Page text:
| NEW YORK
NEW YORK May 24 Regulations passed after the
financial crisis aimed at reducing risk at systemically
important banks and other institutions have made it harder to
buy and sell corporate bonds, researchers at the New York
Federal Reserve said on Wednesday.
The finding is significant because while many academic
papers have found that regulatory reforms have harmed liquidity
in the $8.5 trillion corporate bond market, others have reached
the opposite conclusion.
In October 2015, New York Fed economists, including Tobias
Adrian and Or Shachar, said there appeared to be ample liquidity
in the corporate bond market as hedge funds, high frequency
traders and other market participants stepped in to fill the gap
left by banks as liquidity providers. (reut.rs/1Z4ztjr)
Previous studies have used indirect measures to gauge the
effects of post-crisis regulations, such as the Dodd-Frank Act
in the United States and Basel III internationally, on corporate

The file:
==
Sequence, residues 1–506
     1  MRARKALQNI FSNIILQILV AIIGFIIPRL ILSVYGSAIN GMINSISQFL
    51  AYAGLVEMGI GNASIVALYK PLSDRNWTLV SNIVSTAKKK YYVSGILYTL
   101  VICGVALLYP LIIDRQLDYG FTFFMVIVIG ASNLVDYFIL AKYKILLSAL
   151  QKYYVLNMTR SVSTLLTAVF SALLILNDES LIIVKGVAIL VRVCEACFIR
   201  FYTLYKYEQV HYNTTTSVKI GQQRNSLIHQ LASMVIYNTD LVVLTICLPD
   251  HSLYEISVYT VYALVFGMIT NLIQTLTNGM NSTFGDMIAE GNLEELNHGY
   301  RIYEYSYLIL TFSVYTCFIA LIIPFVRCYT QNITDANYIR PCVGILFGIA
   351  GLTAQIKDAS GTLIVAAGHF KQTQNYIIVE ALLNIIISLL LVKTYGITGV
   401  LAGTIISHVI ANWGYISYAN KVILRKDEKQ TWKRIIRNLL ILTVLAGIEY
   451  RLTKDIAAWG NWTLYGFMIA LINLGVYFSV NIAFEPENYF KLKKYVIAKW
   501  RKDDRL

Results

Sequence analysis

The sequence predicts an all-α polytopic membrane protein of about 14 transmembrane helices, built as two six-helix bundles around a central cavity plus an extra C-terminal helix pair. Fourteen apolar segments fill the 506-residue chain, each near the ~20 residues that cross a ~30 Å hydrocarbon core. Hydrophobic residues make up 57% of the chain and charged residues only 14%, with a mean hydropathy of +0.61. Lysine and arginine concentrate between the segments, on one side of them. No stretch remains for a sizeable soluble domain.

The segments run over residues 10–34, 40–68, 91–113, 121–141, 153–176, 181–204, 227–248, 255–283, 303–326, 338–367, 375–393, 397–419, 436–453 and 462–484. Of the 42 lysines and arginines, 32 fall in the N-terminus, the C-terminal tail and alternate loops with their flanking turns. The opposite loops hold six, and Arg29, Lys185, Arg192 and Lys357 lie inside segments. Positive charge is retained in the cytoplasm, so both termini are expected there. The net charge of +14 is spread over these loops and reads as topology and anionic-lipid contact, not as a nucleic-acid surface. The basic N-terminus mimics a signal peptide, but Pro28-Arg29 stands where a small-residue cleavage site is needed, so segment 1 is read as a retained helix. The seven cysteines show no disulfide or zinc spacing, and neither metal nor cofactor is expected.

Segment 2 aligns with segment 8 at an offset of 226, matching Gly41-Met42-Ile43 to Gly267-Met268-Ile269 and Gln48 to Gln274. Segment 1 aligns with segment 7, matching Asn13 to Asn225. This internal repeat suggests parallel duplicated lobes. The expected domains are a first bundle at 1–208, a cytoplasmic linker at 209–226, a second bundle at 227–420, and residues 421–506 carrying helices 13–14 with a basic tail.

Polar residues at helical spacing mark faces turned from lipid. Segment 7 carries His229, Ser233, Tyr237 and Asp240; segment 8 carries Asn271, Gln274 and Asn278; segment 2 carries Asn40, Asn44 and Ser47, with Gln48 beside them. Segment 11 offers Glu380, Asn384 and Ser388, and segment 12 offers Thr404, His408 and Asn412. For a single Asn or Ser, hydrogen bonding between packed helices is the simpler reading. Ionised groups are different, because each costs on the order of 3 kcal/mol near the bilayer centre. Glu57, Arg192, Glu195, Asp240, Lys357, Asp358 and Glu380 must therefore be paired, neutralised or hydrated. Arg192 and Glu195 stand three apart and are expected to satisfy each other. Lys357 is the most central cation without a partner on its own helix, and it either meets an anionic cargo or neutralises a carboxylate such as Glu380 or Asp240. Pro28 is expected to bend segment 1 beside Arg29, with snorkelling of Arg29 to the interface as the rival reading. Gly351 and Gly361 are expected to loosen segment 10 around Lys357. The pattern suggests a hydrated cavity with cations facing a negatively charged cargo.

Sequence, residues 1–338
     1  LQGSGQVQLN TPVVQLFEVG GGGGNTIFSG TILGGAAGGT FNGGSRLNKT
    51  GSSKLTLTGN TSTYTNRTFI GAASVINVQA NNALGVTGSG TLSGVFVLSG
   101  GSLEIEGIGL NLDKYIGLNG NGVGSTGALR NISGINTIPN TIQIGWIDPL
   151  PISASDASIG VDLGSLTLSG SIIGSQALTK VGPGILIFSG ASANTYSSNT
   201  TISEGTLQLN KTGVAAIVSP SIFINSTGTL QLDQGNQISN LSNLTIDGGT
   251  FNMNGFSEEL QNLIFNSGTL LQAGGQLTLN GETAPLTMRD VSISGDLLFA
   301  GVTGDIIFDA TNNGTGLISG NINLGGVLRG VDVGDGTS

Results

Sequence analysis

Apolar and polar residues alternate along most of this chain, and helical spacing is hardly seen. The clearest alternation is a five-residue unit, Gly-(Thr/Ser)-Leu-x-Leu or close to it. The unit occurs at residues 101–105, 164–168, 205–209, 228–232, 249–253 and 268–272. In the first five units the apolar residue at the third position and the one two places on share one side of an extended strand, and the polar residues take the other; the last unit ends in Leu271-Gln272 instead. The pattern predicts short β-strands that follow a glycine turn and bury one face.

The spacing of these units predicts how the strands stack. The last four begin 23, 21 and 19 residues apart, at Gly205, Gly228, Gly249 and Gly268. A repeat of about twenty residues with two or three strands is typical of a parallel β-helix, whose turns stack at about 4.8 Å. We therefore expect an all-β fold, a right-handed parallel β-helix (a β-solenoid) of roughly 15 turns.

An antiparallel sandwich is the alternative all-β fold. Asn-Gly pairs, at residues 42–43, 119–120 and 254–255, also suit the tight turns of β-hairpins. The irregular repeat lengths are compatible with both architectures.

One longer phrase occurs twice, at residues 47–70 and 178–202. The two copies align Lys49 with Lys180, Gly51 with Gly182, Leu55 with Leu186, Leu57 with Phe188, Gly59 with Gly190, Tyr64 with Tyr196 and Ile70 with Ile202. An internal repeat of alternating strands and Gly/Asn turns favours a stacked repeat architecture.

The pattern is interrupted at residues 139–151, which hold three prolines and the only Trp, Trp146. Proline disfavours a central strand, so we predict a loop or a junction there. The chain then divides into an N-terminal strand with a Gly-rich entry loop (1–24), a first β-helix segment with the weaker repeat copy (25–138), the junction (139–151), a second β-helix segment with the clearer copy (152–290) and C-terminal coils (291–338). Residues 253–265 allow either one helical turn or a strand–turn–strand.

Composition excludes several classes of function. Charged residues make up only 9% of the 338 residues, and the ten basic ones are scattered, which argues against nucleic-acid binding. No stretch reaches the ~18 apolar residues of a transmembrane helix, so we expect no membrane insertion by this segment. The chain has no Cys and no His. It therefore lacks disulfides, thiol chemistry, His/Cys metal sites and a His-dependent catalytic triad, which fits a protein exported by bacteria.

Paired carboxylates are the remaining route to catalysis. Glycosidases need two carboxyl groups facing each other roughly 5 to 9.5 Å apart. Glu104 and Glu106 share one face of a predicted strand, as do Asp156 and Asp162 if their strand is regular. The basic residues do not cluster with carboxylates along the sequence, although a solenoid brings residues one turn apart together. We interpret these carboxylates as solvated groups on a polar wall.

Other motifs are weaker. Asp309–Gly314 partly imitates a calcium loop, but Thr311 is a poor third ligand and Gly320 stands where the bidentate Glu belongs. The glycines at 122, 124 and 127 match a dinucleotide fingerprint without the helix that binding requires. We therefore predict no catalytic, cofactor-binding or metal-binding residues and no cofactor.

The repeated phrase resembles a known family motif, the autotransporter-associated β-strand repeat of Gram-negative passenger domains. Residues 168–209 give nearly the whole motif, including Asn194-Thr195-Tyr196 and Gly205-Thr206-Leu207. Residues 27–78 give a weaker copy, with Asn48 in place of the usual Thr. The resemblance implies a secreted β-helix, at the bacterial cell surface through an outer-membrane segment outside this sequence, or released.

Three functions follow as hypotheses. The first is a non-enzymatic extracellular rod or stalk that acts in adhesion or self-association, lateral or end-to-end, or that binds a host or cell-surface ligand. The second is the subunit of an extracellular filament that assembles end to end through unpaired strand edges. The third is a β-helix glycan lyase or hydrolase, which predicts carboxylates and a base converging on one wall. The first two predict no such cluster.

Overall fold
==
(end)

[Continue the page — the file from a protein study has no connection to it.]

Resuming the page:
bond market participants.
But recently, using detailed trade information from
securities brokers and dealers, Shachar and Adrian, who is now a
director at the International Monetary Fund, along with Nina
Boyarchenko, were able to directly link the trading behavior of
market participants to their balance sheet constraints.
"We find that post-crisis regulation has had an adverse
impact on bond-level liquidity," they said in a post on the New
York Fed's Liberty Street Economics blog.
The corporate bond market is critical to the economy as
companies tap it to raise around $1 trillion in financing every
year, according to another post on the blog. Banks have
traditionally acted as intermediaries to their customers to get
Post-crisis financial reforms, which affect the willingness
of financial institutions to hold corporate bond positions, may
reduce the overall capacity of the financial system to
intermediate trades during normal times, the researchers said.
(Reporting by John McCrank; Editing by Tom Brown)